Employees reluctant to discuss financial worries

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Employers must tackle the stigma around talking about money concerns at work and create employee benefits packages that improve the financial wellbeing of the workforce

Many employees are struggling to break the taboo of talking about their financial situation with their employers, according to the Time to Take Ownership: Mental Health at Work 2019 Report, published by Business in the Community (BITC) in partnership with Mercer Marsh Benefits.

Out of 4,236 employees surveyed, 21% struggle to make ends meet financially, rising even higher among 18- to 29-year-olds (26%) and women (23%) specifically.

More than a third (34%) of all employees said they spend more money when they are feeling down. This again affects younger employees the most, with 44% of 18- to 29-year-olds citing doing this compared to just 28% of those in their fifties.

Only 36% of those surveyed would feel comfortable talking about their financial situation at work, and just 5% report that there is financial support available in their workplace.

When employees are struggling financially it affects engagement and productivity, the researchers said. They pointed to separate research from Salary Finance, which found that the productivity lost because of financial concerns equates to between 9% and 13% of total salary costs, and that people who are worried about money are 50% more likely to be looking for another job.

The principle of 'good' work – employment that offers security, rights, a fair income, opportunities for progression, and a supportive and inclusive environment – is key for employers wanting to address these workplace challenges, BITC added.

Nicola Inge, employment and skills campaign director at BITC, said employers must work to break down the stigma around talking about financial concerns at work and focus on the benefits packages they offer the workforce.

“Employers need to create the kind of environment that breaks down the barriers around people talking about money to help all their employees," she said. “We need more employers to take a different approach to their employee benefits packages to make sure that they are meeting the needs of their whole workforce and getting the most value from the benefits they offer.”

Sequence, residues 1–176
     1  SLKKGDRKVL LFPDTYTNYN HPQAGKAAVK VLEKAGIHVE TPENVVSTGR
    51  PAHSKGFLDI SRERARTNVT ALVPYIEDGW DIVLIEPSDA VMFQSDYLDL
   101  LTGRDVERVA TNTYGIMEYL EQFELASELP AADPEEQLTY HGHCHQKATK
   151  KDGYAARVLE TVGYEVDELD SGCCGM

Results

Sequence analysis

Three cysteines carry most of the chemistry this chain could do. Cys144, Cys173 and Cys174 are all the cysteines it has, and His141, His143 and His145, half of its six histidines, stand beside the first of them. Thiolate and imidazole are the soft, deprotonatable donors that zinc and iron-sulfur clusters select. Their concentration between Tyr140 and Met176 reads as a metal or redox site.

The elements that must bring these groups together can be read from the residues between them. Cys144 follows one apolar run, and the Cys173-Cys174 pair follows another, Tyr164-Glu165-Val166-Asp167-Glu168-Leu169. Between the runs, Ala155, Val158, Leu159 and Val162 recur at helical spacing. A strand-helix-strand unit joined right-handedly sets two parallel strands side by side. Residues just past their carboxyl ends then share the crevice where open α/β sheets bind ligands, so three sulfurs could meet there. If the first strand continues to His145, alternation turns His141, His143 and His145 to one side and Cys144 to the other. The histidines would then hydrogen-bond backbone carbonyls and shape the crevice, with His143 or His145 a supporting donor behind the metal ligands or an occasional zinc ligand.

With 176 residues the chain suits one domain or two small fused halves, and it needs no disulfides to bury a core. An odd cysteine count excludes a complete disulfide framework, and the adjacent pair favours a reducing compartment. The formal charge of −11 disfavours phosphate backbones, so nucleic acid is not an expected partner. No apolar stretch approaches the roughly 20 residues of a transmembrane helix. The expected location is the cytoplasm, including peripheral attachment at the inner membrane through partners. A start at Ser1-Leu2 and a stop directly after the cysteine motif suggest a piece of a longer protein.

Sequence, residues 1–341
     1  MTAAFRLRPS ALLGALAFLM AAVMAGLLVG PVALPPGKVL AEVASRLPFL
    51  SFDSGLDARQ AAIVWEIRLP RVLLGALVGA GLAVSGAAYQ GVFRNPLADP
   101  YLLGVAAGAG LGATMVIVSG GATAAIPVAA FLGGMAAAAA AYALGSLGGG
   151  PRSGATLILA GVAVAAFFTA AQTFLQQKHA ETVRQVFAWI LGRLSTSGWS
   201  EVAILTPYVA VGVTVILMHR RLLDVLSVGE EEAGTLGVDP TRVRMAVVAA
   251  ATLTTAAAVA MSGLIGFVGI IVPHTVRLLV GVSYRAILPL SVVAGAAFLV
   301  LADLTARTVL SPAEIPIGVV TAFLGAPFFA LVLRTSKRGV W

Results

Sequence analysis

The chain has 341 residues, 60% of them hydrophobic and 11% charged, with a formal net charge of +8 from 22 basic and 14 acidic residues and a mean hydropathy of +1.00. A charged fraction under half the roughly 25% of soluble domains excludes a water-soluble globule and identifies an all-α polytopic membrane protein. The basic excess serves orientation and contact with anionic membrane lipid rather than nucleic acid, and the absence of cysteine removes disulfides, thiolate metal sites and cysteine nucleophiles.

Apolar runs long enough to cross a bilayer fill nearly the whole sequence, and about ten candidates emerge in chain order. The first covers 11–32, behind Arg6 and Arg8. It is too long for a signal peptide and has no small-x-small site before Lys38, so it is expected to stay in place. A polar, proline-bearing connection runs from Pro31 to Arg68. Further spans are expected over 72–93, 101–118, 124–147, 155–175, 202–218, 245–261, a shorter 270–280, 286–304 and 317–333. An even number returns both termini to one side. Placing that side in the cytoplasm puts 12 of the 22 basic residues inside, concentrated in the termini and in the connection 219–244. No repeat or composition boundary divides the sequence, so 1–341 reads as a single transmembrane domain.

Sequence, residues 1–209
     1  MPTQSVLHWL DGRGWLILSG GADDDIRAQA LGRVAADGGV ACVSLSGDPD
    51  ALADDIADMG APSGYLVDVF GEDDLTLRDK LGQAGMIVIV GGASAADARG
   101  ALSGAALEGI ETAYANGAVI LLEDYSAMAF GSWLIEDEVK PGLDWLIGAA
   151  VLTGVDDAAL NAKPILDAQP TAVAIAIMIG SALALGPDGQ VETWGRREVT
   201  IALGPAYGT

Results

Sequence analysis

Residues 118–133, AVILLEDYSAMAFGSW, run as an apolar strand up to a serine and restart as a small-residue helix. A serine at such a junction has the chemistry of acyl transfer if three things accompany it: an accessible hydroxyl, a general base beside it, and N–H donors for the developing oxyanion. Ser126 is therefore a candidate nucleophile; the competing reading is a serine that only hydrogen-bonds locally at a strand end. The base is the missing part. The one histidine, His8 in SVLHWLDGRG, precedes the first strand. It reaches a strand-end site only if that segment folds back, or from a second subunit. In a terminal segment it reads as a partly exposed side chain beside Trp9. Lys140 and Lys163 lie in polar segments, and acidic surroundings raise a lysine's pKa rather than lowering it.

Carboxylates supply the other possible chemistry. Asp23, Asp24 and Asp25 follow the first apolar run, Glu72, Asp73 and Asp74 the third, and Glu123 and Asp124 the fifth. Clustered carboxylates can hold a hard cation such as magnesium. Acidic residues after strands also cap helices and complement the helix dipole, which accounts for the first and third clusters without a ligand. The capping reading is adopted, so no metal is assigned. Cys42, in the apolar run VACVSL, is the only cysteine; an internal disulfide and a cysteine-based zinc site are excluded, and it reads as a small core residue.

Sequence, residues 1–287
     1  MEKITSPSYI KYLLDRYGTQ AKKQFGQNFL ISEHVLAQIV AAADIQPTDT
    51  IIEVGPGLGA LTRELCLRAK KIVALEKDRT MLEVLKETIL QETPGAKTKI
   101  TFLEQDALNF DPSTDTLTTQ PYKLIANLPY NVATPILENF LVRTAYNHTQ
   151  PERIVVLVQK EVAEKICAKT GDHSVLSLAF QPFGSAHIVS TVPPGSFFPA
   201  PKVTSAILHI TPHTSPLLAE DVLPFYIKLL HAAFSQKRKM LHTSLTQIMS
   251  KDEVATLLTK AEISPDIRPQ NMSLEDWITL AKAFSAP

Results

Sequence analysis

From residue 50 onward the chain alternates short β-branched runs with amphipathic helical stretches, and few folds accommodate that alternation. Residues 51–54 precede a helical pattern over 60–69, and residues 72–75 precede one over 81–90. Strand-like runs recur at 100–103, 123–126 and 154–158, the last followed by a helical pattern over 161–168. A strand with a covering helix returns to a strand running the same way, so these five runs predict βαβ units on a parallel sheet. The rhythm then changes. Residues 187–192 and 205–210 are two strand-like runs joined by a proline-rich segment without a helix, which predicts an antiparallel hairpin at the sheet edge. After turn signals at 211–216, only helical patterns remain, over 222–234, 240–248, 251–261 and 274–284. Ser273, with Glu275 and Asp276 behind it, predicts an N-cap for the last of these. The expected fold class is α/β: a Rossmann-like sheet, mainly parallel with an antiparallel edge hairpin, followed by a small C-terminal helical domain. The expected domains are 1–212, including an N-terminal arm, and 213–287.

Dhiren Master, chief marketing officer at Salary Finance, added that poor financial wellbeing can have a detrimental and far-reaching impact on employees’ mental health.

“Our research shows that in the UK people are more stressed about money than their health, career and relationships. This leads to low financial wellbeing, which directly correlates with poor mental health, that in turn significantly affects all areas of people’s lives."

He advised that although HR's task may seem difficult, practical support is all that's required.

"The enormous importance of providing a support system to help employees navigate their money journey can appear overwhelming,” he said. “But it doesn’t need to be. People who have low financial wellbeing don’t need to be told what they need to do. They need practical support that will enable them to get out of the situation they are in."

Employers must act quickly to support staff with their financial wellbeing, he added: “We believe there is a critical and unique role that every employer can play. Employers that put wellbeing at the heart of their business objectives and work collaboratively with their employees will see a happier, healthier and more productive workforce. This issue will not go away on its own and the time for employers to act is now.”

To coincide with the report's release BITC has published a toolkit to provide guidance for HR teams around creating an employee benefits package that improves the financial wellbeing of workers. Recommendations in the toolkit include engaging senior leaders, identifying the needs of low earners, and promoting a culture change that makes it OK to talk about money.

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